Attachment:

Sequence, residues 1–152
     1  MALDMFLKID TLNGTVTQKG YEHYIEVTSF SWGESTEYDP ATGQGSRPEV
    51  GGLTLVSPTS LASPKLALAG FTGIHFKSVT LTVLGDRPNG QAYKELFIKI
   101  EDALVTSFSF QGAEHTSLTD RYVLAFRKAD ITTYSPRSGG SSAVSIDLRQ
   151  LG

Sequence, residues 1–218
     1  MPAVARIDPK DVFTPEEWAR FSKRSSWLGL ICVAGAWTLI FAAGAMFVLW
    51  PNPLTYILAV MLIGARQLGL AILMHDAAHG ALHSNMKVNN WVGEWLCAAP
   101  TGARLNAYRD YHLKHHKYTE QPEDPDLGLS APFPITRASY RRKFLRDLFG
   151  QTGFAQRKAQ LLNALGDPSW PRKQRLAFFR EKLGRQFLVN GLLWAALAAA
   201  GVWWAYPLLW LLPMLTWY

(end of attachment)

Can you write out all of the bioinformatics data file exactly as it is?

Sequence, residues 1–152
     1  MALDMFLKID TLNGTVTQKG YEHYIEVTSF SWGESTEYDP ATGQGSRPEV
    51  GGLTLVSPTS LASPKLALAG FTGIHFKSVT LTVLGDRPNG QAYKELFIKI
   101  EDALVTSFSF QGAEHTSLTD RYVLAFRKAD ITTYSPRSGG SSAVSIDLRQ
   151  LG

Sequence, residues 1–218
     1  MPAVARIDPK DVFTPEEWAR FSKRSSWLGL ICVAGAWTLI FAAGAMFVLW
    51  PNPLTYILAV MLIGARQLGL AILMHDAAHG ALHSNMKVNN WVGEWLCAAP
   101  TGARLNAYRD YHLKHHKYTE QPEDPDLGLS APFPITRASY RRKFLRDLFG
   151  QTGFAQRKAQ LLNALGDPSW PRKQRLAFFR EKLGRQFLVN GLLWAALAAA
   201  GVWWAYPLLW LLPMLTWY